If the book had just kept us following Jessica it would have worked better. Or even if the authors had chosen to keep Dr. Shields as more of the omnipotent narrator it could have worked. I am guessing since this book has two authors, one person wrote the Jessica POV's and the other wrote Dr. Shields. Eventually Dr. Shield's mask falls off (Part Two and beyond) and she became pathetic. Jessica was already dancing in that category so we just ended up following these two as they try to outsmart each other. I yawned through the whole thing until Game of Thrones. I put the book down, and picked it back up after that terrible finale and went to bed discontented. 

 

Jessica has a lot of issues. We find out that through this study she is finally being truthful about things she has kept hidden. There's a lot of resentment towards her supposed best friend around money. We know that Jessica has a lot riding on her getting funds for her family. That said, she was just there as a vessel to be filled. I was hoping that the authors would have Jessica turning into a female version of Joe from "You." But no such luck. Also what freaking ethnicity is Jessica supposed to be? At one point she's described similar to another character and she's white, but we have a whole line about Jessica's skin being darker than Dr. Shields (who is also white). I went what for a second and moved on. 

 

Dr. Shields at first seemed kind of bad ass and scary. And then she gets increasingly lame as her POV's go from being written as an outside observer to a study to something else. The ending for her was such a cop-out though that I rolled my eyes. Her supposed whys behind things made zero freaking sense. 

 

We have one main man in this who doesn't seem worth the bother at all. And we have Jessica trying out a fledgling relationship that I wish had been focused on more. 

 

The writing wasn't very good. I started going dun dun dun after a few sentences because that cracked me up and also distracted me from the terrible writing. Also Jessica's POV at times is written in the first person and then we have omnipotent Dr. Shields and not omnipotent Shields. It got confusing as hell. 

 

"It was the question you didn't answer, though, the one you struggled with as you scraped at your nails, that holds the most intrigue. This test can free you, Subject 52. Surrender to it."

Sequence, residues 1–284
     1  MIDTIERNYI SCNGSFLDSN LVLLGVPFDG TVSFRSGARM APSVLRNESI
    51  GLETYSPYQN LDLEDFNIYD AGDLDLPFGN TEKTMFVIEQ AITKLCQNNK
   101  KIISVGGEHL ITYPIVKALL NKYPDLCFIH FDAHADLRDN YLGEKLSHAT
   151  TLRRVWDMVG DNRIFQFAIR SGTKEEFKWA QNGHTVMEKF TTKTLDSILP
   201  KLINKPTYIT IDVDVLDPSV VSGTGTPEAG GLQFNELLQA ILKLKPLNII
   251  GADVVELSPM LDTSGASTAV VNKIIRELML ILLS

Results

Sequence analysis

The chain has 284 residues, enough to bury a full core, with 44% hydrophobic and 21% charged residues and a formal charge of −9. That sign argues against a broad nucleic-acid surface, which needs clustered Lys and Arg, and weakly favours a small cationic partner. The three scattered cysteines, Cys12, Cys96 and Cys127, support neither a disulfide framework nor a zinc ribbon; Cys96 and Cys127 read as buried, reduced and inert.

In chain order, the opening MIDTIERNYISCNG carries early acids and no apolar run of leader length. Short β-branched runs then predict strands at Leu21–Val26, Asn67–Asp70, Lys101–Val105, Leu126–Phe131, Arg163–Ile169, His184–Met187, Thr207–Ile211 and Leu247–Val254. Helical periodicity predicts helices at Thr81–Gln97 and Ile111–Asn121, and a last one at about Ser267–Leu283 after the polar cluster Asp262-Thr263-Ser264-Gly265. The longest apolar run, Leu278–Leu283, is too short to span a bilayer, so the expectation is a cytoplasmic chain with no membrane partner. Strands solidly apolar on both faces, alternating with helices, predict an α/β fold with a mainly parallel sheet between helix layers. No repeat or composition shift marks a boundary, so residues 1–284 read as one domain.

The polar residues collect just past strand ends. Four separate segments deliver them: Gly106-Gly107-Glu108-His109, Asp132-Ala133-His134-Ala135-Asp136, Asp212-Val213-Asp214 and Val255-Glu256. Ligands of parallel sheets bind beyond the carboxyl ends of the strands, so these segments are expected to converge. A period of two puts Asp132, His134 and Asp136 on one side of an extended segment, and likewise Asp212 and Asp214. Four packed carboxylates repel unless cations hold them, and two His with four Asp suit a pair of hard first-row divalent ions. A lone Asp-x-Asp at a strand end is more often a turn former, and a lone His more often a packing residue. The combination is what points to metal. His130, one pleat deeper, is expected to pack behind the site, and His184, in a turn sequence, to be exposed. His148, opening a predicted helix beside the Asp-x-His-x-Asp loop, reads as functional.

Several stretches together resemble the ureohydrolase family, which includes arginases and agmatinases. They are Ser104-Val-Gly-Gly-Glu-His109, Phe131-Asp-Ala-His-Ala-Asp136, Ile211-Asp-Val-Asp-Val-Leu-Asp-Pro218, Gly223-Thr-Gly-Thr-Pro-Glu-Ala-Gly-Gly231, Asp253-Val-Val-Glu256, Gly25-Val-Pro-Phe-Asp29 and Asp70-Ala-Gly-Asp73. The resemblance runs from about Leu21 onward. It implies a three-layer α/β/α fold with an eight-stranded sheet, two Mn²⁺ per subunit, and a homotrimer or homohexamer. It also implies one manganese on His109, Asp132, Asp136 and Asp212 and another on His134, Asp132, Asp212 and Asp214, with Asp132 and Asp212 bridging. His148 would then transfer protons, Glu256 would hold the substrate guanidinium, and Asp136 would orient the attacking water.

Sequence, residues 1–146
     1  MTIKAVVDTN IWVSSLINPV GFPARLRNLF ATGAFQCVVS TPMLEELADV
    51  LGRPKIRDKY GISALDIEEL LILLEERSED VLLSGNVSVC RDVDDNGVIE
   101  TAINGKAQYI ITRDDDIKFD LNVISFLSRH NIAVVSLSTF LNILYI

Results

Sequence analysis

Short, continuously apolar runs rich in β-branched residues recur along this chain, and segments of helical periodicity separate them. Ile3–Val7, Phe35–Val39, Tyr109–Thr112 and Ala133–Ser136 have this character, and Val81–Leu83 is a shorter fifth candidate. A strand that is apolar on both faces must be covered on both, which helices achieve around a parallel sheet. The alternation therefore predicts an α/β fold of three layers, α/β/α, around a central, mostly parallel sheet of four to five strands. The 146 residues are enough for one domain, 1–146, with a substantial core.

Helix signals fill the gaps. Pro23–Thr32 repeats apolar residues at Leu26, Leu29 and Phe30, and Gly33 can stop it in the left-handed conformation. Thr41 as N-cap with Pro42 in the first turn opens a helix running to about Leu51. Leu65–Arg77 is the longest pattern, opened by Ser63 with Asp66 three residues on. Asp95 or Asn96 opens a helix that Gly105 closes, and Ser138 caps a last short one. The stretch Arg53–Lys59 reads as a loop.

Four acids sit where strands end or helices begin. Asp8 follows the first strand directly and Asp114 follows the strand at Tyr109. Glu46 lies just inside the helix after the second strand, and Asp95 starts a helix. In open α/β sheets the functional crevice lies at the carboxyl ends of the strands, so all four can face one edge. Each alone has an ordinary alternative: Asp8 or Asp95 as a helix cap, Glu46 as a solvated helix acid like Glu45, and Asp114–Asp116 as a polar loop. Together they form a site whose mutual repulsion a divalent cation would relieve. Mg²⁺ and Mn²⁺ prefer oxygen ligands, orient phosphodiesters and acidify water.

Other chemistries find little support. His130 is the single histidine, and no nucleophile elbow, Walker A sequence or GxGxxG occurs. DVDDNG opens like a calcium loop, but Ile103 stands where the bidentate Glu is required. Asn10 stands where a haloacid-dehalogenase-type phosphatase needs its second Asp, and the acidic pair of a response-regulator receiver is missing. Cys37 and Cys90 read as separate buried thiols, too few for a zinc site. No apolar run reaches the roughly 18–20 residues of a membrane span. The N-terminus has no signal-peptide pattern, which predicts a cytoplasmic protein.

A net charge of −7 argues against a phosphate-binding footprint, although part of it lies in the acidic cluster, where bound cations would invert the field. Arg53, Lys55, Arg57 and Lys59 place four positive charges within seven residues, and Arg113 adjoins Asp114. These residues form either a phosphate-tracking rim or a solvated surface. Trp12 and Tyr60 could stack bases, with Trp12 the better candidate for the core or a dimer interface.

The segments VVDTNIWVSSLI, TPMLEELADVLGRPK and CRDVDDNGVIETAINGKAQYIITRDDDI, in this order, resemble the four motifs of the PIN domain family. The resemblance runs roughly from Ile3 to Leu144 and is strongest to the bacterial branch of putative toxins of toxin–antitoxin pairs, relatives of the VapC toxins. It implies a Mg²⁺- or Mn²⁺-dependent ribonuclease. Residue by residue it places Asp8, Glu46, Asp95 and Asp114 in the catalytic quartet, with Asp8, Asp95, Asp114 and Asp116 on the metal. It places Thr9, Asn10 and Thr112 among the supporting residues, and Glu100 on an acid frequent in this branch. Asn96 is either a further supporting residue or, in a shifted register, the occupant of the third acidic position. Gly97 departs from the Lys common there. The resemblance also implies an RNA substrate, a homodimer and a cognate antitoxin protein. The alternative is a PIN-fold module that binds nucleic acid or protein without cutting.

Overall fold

Oh I forgot to mention that Dr. Shields calls Jessica Subject 52 through most of her narration. This was supposed to sound foreboding I guess. 

 

"You stand out, and not only because of your unconventional beauty.
From every angle, you are enchanting."

Oh yes, Jessica is an unconventional beauty. And Dr. Shields is also beautiful. Apparently plain women don't exist in New York. 

 

The flow becomes pretty bad and it's hard to keep straight who is lying to who about what. We have reveals galore coming at us fast through Part Three and you don't even have enough time to wonder if the reveals made sense. To me they didn't when I re-read some parts. We think we know Dr. Shields's motivation. When we initially find out what it is I went seriously. Then we find out it's something else, but maybe it was the first one, or maybe not. Eh. It just ping-ponged back and forth. Why Dr. Shields decides to focus in on Jessica was beyond dumb after a while.


The setting taking place in New York doesn't do much to make the city part of the setting. We know that Jessica and Dr. Shields inhabit different worlds. I just wanted more of that. Make it more of a contrast. Instead we get bare boned descriptions of things here and there. I am glad I know what the wine that Jessica drank tasted like though (eyeroll).


That ending was such a letdown. I guess I was supposed to be shaken by it, but I went really? That's it. And we get a throwaway line about a bad dude from Jessica's past and it made no sense. This book I think was hoping to be the next "Gone Girl" but woo boy it was not and could not be that. They tried it with some unreliable narrator crap here and there. However, I wish authors would get that you can't do unreliable narrator with stuff that comes out of nowhere. It has to be worked into the story so that as a reader I feel fooled and go aha when I realize I erred, please go out and read "The Murder of Roger Ackroyd." I feel like modern authors just mess this up more than ever now. You can't hide key pieces from the reader to make your story work. It's just being lazy.